Multi-environment models (2) and (3) were fitted using the Multi-Trait Model (MTM) software of de los Campos and Grüneberg (2016) that uses a Bayesian approach, assuming the are the same in all the environments and considering that, at the first level, the conditional distribution of the data can be modeled by a multivariate normal distribution At the second level, the prior distributions for u and f are multivariate normal with mean vector zero and variance–covariance matrices and respectively, that is, At the third level, a flat prior distribution for the intercepts of each environment is used, and the prior distributions of and are inverse Whishart where the scale matrix is an identity matrix of order *m* (number of environments) and the degrees of freedom For the prior distribution of the elements of of the diagonal of we used a scaled inverse Chi-squared distribution with the hyperparameters’ degree of freedom and a scaled factor equal to 1.

### Software

Both packages, BGLR and MTM, fit the models with Markov Chain Monte Carlo (MCMC) using the Gibbs sampler with 30,000 iterations, with a burn-in of 5000 and a thinning of five, so that 5000 samples were used for inference. Convergence and diagnostic tests were performed. The Gelman-Rubin convergence tests for all parameters of the three models were satisfactory, using lag-5 thinning results in low autocorrelations in each of the three models. The Raftery–Lewis test suggested a small burn-in between 10,000 and 20,000 iterations for the five data sets used.

The *R* codes with a brief description for fitting multi-environment model (3) using the MTM package of de los Campos and Grüneberg (2016) are given in Appendix A.

### Assessing prediction ability

Prediction ability was assessed using 50 TRN-TST (TRN = training and TST = testing) random partitions; we used this approach because it provides higher precision in the predictive estimates than the framework that uses different numbers of folds. For single-environment model (1), 50 random partitions were formed with 70% of the observations in the training set and 30% of the observations in the testing set.

For multi-environment models (2) and (3), we simulated the prediction problem that assumes that 70% of the individuals were observed in some environments but not in others (CV2, Burgueño *et al.*, 2012). We used the procedure of López-Cruz *et al.* (2015) to assign individuals to the training and testing sets. We formed TRN sets with 70% of the observations and TST sets with 30% of the observations to be predicted (their phenotypic values were not observed and appear as missing).

In each random partition, Pearson’s correlations between the predicted and observed values for each environment were computed; these are considered the prediction accuracies of those models, and thus the average correlation for all random partitions and their standard deviation are reported. The variance components of the three models using the full data are also reported.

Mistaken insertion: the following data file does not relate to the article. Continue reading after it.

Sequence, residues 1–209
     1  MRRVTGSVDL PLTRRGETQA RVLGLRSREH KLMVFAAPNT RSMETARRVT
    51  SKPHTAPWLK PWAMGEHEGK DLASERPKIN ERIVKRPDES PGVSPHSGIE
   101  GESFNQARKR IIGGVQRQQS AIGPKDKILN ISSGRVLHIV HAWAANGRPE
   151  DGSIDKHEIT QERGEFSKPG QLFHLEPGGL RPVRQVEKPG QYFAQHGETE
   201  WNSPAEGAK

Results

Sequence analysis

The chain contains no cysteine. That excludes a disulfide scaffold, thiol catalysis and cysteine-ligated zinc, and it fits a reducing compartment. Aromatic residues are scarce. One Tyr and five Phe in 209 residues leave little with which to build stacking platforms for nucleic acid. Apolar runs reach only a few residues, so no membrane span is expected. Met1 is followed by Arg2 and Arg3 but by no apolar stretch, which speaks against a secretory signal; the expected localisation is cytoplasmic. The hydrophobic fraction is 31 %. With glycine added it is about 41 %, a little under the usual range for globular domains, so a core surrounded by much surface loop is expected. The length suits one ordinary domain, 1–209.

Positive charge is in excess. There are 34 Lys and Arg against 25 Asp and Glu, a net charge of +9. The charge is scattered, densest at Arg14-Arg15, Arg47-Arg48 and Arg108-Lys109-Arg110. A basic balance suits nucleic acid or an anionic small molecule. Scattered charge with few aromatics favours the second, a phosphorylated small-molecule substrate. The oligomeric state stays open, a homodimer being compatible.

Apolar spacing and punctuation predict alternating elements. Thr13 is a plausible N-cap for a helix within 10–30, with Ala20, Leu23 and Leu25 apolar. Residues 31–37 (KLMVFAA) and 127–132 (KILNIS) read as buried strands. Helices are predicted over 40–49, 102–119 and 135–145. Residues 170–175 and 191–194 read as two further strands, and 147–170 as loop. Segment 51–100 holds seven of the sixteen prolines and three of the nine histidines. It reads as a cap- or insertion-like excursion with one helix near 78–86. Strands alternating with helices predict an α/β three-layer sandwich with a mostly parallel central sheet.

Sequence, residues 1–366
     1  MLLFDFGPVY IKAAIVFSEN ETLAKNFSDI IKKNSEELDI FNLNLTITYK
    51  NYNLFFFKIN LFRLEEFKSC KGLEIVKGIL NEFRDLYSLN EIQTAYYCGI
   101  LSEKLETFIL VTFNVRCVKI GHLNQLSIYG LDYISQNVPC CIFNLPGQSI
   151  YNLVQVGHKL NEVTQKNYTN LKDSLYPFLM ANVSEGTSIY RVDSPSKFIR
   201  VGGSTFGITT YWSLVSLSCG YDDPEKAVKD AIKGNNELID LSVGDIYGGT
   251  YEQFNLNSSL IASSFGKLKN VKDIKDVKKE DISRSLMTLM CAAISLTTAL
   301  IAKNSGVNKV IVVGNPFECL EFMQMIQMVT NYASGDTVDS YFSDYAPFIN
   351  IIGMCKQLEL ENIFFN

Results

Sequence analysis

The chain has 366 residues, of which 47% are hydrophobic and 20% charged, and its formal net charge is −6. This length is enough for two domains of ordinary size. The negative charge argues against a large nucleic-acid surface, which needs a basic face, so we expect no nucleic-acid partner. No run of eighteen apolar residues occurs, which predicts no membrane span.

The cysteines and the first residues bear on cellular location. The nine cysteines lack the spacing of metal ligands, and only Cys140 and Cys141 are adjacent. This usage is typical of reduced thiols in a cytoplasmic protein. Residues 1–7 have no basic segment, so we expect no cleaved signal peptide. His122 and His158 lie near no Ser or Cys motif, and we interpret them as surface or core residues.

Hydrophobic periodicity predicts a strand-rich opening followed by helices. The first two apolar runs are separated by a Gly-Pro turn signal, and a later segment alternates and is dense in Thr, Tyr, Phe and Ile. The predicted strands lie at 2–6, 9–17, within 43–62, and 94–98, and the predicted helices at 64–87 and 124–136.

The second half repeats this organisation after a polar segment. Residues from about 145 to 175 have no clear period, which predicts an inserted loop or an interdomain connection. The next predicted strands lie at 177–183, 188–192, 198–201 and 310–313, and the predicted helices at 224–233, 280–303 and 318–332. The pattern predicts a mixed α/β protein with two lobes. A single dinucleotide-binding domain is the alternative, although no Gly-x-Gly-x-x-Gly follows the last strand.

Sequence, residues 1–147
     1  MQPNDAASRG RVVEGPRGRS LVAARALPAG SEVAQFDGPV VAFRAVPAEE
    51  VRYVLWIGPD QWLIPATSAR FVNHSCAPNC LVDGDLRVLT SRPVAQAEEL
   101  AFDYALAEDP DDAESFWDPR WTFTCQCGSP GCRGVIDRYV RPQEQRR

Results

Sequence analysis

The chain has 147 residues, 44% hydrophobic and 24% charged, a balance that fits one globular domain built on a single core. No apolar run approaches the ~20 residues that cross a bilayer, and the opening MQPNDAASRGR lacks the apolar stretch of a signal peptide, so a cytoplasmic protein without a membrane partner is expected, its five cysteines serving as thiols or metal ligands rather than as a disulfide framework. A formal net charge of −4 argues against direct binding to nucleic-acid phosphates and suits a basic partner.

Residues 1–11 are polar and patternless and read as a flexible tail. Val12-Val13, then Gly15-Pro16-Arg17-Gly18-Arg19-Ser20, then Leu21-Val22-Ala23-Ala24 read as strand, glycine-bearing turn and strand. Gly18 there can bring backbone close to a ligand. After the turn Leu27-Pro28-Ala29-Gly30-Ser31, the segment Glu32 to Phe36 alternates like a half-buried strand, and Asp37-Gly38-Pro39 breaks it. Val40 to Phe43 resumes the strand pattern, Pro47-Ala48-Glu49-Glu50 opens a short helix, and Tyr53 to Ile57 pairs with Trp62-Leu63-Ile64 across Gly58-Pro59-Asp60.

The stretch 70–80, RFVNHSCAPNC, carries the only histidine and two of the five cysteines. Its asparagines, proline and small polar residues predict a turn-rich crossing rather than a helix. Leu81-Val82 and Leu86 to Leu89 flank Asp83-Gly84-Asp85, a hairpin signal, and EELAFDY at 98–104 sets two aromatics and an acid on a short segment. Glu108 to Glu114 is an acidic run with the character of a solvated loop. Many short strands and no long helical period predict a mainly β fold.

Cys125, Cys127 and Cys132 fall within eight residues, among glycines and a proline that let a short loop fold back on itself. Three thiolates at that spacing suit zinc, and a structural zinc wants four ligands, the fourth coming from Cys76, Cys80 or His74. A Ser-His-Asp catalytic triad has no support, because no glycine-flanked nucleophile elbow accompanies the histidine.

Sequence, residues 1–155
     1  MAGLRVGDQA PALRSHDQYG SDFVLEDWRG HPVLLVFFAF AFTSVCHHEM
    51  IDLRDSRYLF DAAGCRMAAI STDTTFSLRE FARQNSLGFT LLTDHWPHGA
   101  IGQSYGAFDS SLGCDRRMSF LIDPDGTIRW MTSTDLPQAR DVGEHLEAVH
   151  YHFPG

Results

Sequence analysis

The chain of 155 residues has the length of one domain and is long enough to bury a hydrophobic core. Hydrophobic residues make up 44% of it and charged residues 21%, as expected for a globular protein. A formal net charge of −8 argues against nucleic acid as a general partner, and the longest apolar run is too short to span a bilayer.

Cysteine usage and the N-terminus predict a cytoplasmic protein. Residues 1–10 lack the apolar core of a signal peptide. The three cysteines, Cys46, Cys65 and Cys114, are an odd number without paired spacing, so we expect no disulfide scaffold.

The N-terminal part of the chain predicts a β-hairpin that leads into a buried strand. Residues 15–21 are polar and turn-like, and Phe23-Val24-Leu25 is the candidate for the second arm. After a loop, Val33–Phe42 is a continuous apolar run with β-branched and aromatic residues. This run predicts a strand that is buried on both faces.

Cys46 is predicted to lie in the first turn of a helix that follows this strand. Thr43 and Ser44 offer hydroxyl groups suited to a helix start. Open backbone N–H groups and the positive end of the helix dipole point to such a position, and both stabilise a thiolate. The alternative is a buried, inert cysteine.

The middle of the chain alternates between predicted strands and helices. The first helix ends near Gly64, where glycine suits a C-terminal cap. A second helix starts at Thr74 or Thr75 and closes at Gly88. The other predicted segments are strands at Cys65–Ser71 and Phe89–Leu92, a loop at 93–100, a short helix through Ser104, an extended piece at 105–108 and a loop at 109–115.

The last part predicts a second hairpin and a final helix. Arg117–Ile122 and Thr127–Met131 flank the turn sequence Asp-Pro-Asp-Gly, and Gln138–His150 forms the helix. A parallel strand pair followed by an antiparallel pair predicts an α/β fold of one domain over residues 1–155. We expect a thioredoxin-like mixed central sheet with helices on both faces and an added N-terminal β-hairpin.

When random cross-validation partitions simulated the prediction of a portion of individuals that represents newly developed lines not observed in any environment (random cross-validation 1, CV1, Burgueño *et al.* 2012), it is possible that * f* (of model (3)) could account for part of the random error. However, in this study, we observed all the individuals in at least one environment and predicted other individuals that were not observed in some environments (random CV2, Burgueño

*et al.*2012); therefore, under CV2 random cross-validation,

*is predictable.*

**f**### Experimental data sets

In this study, we used five data sets that have been used in different studies. Wheat data set 1 was used by Crossa *et al.* (2010) and Cuevas *et al.* (2016), maize data set 2 was employed in the studies of Crossa *et al.* (2013) and Cuevas *et al.* (2016), and wheat data sets 3–5 were analyzed by López-Cruz *et al.* (2015). Brief descriptions of the phenotypic and marker data sets are given below.

#### Wheat data set 1:

This data set, from CIMMYT’s Global Wheat Program, was used by Crossa *et al.* (2010) and Cuevas *et al.* (2016) and includes 599 wheat lines derived from 25 yr (1979–2005) of Elite Spring Wheat Yield Trials (ESWYT). The environments represented in these trials were grouped into four basic agroclimatic regions (mega-environments). The phenotypic trait considered here was grain yield (GY) of the 599 wheat lines evaluated in each of the four mega-environments. The 599 wheat lines were genotyped using 1447 Diversity Array Technology (DArT) markers generated by Triticarte Pty. Ltd. (Canberra, Australia; http://www.triticarte.com.au). Markers with a minor allele frequency (MAF) < 0.05 were removed, and missing genotypes were imputed using samples from the marginal distribution of marker genotypes. The number of DArT markers after edition was 1279.